New York also involved under-developed neighbourhoods by training and providing new employment opportunities generated by the network. Amongst the first individuals to complete this programme, 20 graduates (about 70% of the total number) gained full-time employment, 15% became entrepreneurs, and the others joined formal education programmes.
Thus, the city has been able to develop one of the largest tech-innovation ecosystems, even with limited tech talent, which is a constraint that many cities face.21, 22
In 2016, the city of Porto set out to position itself as a city of innovation and creativity. It established what is now known as the Porto Innovation Hub, an innovation aggregator where the city functions as a living laboratory, bringing together businesses, entrepreneurs, citizens and the Municipality of Porto to foster problem solving, improving the city, and creating differentiating businesses. 23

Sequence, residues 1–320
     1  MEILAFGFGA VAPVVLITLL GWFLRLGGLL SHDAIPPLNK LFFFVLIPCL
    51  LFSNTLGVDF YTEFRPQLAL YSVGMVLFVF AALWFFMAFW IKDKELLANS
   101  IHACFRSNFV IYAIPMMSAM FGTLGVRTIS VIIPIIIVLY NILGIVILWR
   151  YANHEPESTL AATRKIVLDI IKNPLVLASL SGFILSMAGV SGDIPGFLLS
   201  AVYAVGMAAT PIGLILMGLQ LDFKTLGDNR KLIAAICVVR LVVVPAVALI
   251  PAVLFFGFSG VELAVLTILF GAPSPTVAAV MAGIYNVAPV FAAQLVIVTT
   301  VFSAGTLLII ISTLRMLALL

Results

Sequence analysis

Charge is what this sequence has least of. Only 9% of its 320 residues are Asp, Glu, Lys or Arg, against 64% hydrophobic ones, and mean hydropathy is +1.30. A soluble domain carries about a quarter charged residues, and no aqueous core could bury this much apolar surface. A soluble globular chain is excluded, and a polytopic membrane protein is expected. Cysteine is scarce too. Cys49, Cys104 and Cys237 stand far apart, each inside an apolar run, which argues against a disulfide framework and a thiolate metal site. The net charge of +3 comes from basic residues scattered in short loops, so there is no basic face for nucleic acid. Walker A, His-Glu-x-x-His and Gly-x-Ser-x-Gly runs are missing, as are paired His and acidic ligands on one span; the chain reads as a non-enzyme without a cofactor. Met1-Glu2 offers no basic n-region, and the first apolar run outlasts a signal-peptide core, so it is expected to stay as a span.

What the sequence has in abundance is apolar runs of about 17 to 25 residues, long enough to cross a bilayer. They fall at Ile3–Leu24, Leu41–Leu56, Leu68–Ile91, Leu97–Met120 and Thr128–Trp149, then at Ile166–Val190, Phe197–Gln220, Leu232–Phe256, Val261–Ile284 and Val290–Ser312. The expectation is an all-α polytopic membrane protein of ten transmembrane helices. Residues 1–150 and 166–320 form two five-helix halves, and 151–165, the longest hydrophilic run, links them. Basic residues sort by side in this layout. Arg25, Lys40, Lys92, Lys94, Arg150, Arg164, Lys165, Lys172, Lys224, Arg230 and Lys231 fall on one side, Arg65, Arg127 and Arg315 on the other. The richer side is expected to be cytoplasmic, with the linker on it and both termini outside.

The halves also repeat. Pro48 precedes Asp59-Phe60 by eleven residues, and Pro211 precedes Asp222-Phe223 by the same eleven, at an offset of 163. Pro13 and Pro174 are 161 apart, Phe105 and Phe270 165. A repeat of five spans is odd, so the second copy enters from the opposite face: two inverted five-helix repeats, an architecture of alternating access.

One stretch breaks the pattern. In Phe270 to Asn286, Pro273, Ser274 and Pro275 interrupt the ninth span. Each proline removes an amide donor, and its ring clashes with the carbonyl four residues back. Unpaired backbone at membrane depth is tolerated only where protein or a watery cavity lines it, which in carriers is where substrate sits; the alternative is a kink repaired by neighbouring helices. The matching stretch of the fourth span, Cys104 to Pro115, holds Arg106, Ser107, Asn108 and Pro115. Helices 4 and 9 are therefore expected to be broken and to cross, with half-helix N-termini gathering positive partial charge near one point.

Collaborating with the University of Porto (which has consistently ranked at the top of Portuguese universities),24 in projects like ’Stepping out Innovation’25 , the city has promoted knowledge sharing between its institutions. Another feature of the project is ‘In-House Innovation’. Cooperating with citizens and stakeholders, the city seeks to redesign its services in a way that responds to the needs of citizens, whilst also becoming more cost efficient and accessible. 26
In 2020, thanks to the Porto Innovation Hub, Porto won the Smart City Innovator Award27 at the Annual Investment Meeting Conference in Dubai in the Future Cities category. When asked which were the most decisive aspects that led to achieving this accolade, Rui Moreira, Mayor of the City of Porto, answered that among several success factors some that should be highlighted were the people of Porto and its academic institutions, the city’s infrastructure and the uncommonly high safety levels to be found in the cities of Portugal. The city felt that it needed to develop its ecosystem before it moved somewhere else.